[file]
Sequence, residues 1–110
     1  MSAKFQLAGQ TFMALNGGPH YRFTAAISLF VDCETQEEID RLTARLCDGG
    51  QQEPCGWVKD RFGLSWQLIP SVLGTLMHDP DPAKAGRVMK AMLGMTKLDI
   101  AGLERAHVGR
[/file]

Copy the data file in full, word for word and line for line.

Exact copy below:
Sequence, residues 1–110
     1  MSAKFQLAGQ TFMALNGGPH YRFTAAISLF VDCETQEEID RLTARLCDGG
    51  QQEPCGWVKD RFGLSWQLIP SVLGTLMHDP DPAKAGRVMK AMLGMTKLDI
   101  AGLERAHVGR